As the Forest Policy Specialist for the Sierra Club – Michigan Chapter, Marvin Roberson has long advocated for management practices that assure greater sustainability and diversity in age-classes of forests on state and federal lands. In this short video, Roberson reflects on policies that have resulted in a high percentage of young forests on public lands, an age-class perpetuated by frequent cutting.
The unnaturally high percentage of aspen forests represent a particularly difficult problem, says Roberson. By maintaining a large quantity of aspen forests with regular cutting, the natural succession of forests to larger, more-mature forests is stopped. Worse, the current over-abundance of deer is perpetuated by providing so much of this key food source. Over-browsing by deer, prevent the growth of new, long-live trees such as hemlock and interferes with reforestation.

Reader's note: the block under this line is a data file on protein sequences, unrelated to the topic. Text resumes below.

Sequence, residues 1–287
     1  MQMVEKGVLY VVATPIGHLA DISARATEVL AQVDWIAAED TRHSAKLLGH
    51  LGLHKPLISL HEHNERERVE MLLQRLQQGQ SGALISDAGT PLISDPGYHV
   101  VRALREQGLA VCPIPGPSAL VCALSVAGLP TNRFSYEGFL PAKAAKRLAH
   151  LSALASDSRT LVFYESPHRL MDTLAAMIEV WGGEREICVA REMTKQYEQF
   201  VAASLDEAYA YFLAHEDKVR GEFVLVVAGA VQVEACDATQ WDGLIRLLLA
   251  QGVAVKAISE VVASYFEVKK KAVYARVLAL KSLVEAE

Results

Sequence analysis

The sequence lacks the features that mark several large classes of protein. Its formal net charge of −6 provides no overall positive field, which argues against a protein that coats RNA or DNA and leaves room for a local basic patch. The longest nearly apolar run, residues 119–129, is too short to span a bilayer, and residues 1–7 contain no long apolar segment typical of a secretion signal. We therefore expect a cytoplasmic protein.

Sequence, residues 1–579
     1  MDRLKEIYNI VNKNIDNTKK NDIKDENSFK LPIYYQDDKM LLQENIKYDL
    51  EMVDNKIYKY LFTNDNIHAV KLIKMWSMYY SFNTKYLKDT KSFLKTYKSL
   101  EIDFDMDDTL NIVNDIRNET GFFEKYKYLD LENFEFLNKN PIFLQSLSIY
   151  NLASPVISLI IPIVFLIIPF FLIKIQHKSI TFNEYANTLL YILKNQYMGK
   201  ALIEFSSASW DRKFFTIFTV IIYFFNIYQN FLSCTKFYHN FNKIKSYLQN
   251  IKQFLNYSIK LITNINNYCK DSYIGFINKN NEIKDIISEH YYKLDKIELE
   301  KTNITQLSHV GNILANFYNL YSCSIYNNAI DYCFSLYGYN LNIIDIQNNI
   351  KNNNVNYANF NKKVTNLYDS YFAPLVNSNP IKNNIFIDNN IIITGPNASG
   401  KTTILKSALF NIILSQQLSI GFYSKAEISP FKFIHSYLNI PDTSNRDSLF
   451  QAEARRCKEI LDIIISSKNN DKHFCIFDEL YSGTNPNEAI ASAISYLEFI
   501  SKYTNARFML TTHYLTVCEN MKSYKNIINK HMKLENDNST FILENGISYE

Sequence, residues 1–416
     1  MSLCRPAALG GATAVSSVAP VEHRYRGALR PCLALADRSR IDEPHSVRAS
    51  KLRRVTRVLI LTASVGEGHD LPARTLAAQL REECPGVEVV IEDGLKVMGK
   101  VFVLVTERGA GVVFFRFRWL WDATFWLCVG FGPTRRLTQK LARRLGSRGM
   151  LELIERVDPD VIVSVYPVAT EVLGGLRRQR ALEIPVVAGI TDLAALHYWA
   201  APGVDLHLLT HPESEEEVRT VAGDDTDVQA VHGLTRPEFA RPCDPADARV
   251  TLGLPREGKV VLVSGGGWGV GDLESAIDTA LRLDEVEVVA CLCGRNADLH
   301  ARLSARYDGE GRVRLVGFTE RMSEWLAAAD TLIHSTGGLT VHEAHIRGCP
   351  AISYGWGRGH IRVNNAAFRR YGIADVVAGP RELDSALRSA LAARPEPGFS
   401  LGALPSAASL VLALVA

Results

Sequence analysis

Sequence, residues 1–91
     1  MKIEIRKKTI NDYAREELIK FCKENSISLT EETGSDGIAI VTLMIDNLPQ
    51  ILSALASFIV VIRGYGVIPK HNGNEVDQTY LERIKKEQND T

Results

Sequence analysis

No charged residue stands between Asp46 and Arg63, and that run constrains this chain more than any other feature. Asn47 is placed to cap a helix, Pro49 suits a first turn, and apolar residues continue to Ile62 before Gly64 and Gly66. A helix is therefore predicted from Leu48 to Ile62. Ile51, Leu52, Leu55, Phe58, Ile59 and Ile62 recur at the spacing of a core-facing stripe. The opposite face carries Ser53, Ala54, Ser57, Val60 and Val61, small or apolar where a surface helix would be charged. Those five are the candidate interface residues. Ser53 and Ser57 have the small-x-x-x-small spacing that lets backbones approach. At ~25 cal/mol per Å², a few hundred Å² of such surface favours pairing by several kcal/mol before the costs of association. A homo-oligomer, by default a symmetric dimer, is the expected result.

Please watch this short video the full story directly from Roberson himself!
[Editor’s Note: We are grateful to photographers Ronald Strong and Ted Gilmer for some of the illustrations presented in this video. We also thank Charles Dawley (Little Traverse Conservancy) for some of the beautiful drone imagery presented in this video.]